A brief history of the emergence and impact of “Make Instagram Casual Again”
No matter what effort social media users employ to “make Instagram casual again” — whether that be posting blurry mirror selfies, curating photo dumps or depicting the mundane — Instagram will remain an unattainable idealization of life.
The revolt against Instagram influencer culture began in 2020, when scrolling through lavish yachts and models posed over designer bags was no longer a virtual lifestyle we escaped to, but one we knew we’d never have.
In the midst of a global lockdown, the majority of social media users were trapped on their couches, yearning for something to relate to. As the reality of pandemic life arose, gone were the days when jet-setting Instagrammers were praised for vacations to Monaco. Rather, social media users desired relatability; they wanted to curb the feelings of isolation provoked by COVID-19.
This is arguably where the notion of casual Instagram emerged. As social media users found themselves isolated from photoshoot-worthy backdrops and story highlights, they began depicting everyday life. Suddenly, Instagram feeds were filled with ordinary people photographing half-eaten lunches, selfies in bed, and a virtual lifestyle that focussed on the ‘little things’ instead.
As refreshing as these posts seemed at the time — and still, today — casual Instagram is a deliberate aesthetic in and of itself. By presenting a never-ending rotation of unplanned, unedited photos, influencers feign a life of coincidental perfection. Tara Marzuki, a digital influencer who documents her life via Instagram, admitted to its performativity, saying to the Stylist, “there is thought to [casual Instagram] … It is not effortless because you have to get the right balance between candidness and looking pleasing.”
Today, in the absence of lockdown and travel restrictions, casual Instagram is more performative than ever. Now that they can leave the house, influencers and social media users are free to show off their expensive lunches, designer outfits, and downtown outings in carefully curated carousel posts (a.k.a. photo dumps). Unlike before, this type of posting is acceptable because it seems to present an unfiltered reality of life, thus deeming it authentic and relatable.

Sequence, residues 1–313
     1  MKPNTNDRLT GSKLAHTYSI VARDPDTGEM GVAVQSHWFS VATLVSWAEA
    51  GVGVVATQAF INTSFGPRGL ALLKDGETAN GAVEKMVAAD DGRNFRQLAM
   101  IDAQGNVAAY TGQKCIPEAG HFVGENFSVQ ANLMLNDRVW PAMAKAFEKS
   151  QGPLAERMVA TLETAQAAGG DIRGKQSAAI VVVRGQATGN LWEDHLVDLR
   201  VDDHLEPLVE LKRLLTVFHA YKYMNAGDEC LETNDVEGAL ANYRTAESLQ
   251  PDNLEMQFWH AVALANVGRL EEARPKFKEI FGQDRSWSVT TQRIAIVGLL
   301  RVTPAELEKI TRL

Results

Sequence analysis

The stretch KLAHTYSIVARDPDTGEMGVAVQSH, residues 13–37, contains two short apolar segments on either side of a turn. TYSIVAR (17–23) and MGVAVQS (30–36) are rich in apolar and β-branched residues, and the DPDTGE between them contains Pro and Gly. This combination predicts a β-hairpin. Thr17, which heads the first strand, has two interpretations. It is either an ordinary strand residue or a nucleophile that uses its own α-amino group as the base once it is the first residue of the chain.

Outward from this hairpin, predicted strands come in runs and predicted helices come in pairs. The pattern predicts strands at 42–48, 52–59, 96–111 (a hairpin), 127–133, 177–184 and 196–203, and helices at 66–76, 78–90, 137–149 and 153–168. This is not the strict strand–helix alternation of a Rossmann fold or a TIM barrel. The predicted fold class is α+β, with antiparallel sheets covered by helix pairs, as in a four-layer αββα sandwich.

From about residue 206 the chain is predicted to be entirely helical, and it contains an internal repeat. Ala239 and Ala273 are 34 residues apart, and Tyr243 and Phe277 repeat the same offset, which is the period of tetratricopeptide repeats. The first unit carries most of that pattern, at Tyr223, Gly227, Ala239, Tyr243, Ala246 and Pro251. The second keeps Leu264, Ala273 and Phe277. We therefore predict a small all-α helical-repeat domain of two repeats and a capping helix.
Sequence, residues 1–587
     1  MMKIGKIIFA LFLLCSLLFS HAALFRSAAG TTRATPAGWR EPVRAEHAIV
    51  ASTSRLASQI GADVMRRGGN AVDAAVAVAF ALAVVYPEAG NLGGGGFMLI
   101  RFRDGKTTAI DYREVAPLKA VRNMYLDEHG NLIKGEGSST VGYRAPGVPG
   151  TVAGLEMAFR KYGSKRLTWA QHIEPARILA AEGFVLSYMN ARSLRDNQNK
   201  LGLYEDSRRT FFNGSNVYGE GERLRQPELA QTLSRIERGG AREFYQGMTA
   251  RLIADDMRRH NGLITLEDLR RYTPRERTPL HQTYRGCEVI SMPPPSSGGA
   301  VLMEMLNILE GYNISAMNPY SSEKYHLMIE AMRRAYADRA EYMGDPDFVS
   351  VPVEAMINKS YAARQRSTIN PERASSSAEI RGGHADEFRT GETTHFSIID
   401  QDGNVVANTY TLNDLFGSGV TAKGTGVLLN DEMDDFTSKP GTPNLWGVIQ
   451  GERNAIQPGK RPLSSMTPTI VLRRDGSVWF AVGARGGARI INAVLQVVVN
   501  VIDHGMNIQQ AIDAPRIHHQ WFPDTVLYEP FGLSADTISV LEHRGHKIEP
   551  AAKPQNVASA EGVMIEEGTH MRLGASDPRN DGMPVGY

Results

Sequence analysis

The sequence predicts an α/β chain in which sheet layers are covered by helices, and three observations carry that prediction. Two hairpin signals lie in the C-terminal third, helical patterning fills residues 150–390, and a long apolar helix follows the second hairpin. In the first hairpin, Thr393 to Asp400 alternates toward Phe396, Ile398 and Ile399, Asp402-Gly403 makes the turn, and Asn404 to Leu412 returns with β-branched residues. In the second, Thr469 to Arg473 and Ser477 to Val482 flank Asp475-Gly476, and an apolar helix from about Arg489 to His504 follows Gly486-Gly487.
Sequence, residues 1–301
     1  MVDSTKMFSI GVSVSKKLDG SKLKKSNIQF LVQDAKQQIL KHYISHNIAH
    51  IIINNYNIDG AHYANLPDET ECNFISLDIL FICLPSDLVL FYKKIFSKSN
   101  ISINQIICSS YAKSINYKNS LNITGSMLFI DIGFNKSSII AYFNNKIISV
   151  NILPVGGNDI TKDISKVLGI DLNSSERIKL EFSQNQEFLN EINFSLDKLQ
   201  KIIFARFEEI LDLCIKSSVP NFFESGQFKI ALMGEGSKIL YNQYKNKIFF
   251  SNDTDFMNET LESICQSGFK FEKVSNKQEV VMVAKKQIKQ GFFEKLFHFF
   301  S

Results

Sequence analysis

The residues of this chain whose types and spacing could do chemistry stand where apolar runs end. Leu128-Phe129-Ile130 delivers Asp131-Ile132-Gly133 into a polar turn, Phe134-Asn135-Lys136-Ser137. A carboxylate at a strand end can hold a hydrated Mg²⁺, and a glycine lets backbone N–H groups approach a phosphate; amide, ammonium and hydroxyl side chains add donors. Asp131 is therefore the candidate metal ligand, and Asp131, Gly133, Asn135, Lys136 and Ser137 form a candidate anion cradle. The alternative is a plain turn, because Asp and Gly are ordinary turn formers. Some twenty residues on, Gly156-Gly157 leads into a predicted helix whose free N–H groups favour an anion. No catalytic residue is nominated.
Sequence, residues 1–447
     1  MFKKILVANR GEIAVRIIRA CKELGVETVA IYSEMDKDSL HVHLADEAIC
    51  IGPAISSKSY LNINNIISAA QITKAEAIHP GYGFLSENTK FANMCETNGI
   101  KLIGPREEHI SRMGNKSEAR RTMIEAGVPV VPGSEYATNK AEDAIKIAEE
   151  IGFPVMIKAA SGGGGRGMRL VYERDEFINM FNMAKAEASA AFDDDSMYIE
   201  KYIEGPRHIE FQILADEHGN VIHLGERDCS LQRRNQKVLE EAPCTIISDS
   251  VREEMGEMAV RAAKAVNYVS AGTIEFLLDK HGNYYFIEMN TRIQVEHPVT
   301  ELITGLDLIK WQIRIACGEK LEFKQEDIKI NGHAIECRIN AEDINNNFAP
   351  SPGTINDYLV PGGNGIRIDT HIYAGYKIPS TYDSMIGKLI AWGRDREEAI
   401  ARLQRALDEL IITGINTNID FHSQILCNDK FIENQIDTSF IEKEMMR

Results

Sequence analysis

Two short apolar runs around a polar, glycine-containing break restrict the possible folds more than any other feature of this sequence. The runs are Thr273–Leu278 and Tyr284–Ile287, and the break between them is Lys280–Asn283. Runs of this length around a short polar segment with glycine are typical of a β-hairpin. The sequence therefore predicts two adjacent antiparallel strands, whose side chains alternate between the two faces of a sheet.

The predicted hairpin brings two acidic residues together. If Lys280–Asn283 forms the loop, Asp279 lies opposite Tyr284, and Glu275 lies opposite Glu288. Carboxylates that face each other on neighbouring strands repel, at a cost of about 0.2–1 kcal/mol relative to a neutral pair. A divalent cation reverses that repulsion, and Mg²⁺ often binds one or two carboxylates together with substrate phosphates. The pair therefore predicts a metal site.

This feigned authenticity is exactly what makes casual Instagram more dangerous than its predecessor. The meticulously curated feeds of 2010s era Instagram were painfully and undeniably unrelatable — but at least they didn’t pretend to be otherwise. The constant rotation of ring-lit selfies and documented ventures to “Instagram-worthy” locations were so obviously performative that they became accepted as such.
Today, rather than pose in a fabricated life of luxury, influencers avoid posing to reflect a life of luxury. In this version of life, designer outfits are shown off in last-minute mirror selfies and freshly manicured nails are spread clumsily across blurry-faced backdrops. Luxury items are juxtaposed with a sense of nonchalance, implying that private limousine rides, eight dollar lattes, and designer shopping sprees are simple, casual, and attainable. This, in turn, normalizes a life of expensive flower bouquets, perfectly-timed candid moments, and blurry night club photos, all of which appear consistently across countless Instagram feeds. It’s obvious that users of the platform have embraced this new language of posting — but to what avail?
Despite being deemed “the antithesis to aesthetic influencer culture” by Dazed Magazine, casual Instagram is anything but. As long as Instagrammers document the so-called uncurated moments of life through curated photo dumps and sought-out candid photos, Instagram will remain an unattainable idealization of life.